April 10, 2003, 11:17 AM — Intel Corp. announced few surprises at its Intel Developer Forum Japan event on Thursday, instead choosing to give the Japanese audience a look at several technologies first disclosed at a U.S. event in February.
Despite the lack of surprises, the company did announce several updates on its technology work, mainly in the mobile sector.
In the flash memory sector, an area where Intel is very strong, the company announced development of an improved memory packaging technique that allows it to stack as many as five flash memory chips in a single package 1.2 millimeters thick. Until now the company's most advanced package could accommodate four memory chips.
Stacking chips one on top of the other in a single package benefits mobile equipment makers because it allows them to pack more memory storage into a device and thus keep the size of their products small. A more advanced version of the company's Ultra-Thin Stack Chip-Scale Packaging technology is predicted to reduce the thickness of a five-chip package to 1 millimeter sometime next year.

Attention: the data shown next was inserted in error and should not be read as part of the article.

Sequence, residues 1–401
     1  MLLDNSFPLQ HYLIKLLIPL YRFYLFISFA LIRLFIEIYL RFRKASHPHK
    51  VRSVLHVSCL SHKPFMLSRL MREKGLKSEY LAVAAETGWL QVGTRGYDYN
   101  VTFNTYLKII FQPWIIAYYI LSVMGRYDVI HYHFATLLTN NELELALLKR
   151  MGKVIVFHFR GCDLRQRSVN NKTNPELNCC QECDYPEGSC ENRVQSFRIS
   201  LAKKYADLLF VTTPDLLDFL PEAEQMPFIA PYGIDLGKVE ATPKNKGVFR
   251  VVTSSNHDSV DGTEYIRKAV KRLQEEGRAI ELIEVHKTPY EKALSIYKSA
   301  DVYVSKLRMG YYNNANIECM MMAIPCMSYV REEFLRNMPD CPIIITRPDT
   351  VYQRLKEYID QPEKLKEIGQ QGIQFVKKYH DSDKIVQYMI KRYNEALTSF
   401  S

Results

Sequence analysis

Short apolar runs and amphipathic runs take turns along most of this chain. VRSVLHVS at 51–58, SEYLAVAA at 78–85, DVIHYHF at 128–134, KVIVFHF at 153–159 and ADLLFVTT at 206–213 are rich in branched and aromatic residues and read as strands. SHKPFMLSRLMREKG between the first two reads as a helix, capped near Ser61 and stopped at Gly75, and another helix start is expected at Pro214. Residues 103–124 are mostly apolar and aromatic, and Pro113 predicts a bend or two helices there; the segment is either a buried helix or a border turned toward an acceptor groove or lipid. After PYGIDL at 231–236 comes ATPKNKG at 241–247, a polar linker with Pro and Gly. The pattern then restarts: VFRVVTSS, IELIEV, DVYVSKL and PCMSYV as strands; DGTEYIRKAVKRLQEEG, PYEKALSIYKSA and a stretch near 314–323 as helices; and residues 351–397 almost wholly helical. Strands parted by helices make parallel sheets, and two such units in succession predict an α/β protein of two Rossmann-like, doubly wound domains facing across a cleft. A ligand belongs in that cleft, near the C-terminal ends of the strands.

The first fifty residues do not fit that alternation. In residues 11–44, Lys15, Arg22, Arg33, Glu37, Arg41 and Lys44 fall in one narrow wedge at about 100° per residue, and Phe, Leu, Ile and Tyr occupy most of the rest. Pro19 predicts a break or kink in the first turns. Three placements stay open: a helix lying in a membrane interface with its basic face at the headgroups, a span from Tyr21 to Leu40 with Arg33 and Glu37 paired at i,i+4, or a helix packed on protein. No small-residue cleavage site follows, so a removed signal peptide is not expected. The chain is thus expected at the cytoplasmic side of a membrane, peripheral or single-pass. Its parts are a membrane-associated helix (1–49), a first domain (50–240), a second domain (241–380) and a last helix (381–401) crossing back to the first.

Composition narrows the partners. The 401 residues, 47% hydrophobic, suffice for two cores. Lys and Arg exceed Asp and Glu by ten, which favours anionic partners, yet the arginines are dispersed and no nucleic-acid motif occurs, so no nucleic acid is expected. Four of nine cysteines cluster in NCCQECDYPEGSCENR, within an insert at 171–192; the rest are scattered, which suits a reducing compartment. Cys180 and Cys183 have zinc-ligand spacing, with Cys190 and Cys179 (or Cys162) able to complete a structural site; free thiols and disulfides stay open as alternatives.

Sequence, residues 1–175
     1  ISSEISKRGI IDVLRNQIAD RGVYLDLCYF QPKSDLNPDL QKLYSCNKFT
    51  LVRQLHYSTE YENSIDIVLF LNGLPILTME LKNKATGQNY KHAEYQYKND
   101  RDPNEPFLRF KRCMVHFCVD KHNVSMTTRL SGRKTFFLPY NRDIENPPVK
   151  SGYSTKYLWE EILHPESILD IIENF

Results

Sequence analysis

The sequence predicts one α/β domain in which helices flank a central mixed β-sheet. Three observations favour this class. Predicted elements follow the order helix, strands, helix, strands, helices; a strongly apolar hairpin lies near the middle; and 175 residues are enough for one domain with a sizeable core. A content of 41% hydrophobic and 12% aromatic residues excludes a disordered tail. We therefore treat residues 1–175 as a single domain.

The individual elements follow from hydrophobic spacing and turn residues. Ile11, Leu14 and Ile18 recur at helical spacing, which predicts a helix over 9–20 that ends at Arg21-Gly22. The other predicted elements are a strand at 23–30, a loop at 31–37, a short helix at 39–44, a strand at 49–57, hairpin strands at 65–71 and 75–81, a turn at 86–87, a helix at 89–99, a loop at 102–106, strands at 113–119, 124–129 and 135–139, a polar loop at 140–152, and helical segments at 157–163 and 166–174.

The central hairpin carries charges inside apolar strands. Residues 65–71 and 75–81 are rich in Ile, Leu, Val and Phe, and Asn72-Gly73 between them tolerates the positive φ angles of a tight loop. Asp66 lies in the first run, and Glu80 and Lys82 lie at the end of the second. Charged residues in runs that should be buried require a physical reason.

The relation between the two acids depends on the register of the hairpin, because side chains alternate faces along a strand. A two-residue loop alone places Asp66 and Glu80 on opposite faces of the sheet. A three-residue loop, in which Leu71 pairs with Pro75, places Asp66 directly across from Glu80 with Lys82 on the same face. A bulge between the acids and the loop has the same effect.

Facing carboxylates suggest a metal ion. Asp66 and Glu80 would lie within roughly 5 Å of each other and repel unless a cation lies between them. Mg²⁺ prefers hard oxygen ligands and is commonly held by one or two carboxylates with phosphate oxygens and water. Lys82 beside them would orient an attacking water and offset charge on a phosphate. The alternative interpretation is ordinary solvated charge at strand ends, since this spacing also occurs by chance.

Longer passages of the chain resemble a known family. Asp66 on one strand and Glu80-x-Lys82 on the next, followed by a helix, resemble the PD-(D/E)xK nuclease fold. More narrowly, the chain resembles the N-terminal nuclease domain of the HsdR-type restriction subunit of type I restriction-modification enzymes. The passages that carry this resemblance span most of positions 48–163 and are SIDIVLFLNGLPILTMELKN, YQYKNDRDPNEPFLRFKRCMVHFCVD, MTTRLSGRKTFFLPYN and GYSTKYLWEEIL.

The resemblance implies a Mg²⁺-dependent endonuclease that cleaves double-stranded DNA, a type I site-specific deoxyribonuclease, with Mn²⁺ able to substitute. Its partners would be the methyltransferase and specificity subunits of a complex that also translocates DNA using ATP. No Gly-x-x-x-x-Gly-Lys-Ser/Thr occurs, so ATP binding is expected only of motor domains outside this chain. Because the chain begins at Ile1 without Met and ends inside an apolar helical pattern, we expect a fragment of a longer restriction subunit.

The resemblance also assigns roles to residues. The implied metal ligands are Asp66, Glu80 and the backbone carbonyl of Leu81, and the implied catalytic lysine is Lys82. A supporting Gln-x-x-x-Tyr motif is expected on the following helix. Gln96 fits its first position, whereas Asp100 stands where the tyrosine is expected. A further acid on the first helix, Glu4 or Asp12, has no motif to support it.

Looking ahead, Intel showed a prototype memory package that includes eight chips. The chips are fabricated on a film rather than a rigid die to make them thinner, so they can all fit in. Intel declined to specify when such a chip might become a commercial product.
In other future plans, the company disclosed a few details of an upcoming XScale processor. The processor, which was not named, will cut by half the amount of power consumed in idle mode and current consumed in sleep mode, said Darin Billerbeck, vice president of Intel's wireless communications and computing group. It will also outperform the existing PXA26x processor, but Billerbeck declined to provide any additional information on when it will be available.
Intel also provided a slightly more specific target for delivering technology to enable what it calls "always on" computing and demonstrated a prototype notebook concept platform based on the technology called "Newport." The Newport PC has a small monochrome secondary LCD (liquid crystal display) that enables the user to receive instant messages, check e-mail and perform other similar tasks while the main PC is switched off.
The system uses the main processor and operating system and keeps the machine running in a very low power mode, said Anand Chandrasekher, Intel's vice president and co-general manager of the mobile platforms group. At its Spring IDF in the U.S., the company said it was targeting next year for the technology and on Thursday gave the more specific target of the third calendar quarter of 2004.
Tom Krazit in Boston contributed to this story.